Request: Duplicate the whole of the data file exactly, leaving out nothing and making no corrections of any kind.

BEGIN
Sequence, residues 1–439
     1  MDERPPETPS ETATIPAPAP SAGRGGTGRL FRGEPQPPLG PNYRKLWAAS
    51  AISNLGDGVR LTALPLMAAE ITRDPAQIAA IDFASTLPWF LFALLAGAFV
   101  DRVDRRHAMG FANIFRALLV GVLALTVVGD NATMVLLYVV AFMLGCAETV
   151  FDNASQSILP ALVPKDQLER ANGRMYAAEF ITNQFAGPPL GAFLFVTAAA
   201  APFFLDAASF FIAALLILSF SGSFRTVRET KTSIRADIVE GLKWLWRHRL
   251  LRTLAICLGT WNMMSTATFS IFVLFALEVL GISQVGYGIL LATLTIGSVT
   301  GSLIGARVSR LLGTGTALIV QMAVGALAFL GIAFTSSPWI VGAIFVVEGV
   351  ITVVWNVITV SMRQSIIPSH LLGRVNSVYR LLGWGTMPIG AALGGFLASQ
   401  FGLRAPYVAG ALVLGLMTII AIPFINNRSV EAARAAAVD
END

Sequence, residues 1–439
     1  MDERPPETPS ETATIPAPAP SAGRGGTGRL FRGEPQPPLG PNYRKLWAAS
    51  AISNLGDGVR LTALPLMAAE ITRDPAQIAA IDFASTLPWF LFALLAGAFV
   101  DRVDRRHAMG FANIFRALLV GVLALTVVGD NATMVLLYVV AFMLGCAETV
   151  FDNASQSILP ALVPKDQLER ANGRMYAAEF ITNQFAGPPL GAFLFVTAAA
   201  APFFLDAASF FIAALLILSF SGSFRTVRET KTSIRADIVE GLKWLWRHRL
   251  LRTLAICLGT WNMMSTATFS IFVLFALEVL GISQVGYGIL LATLTIGSVT
   301  GSLIGARVSR LLGTGTALIV QMAVGALAFL GIAFTSSPWI VGAIFVVEGV
   351  ITVVWNVITV SMRQSIIPSH LLGRVNSVYR LLGWGTMPIG AALGGFLASQ
   401  FGLRAPYVAG ALVLGLMTII AIPFINNRSV EAARAAAVD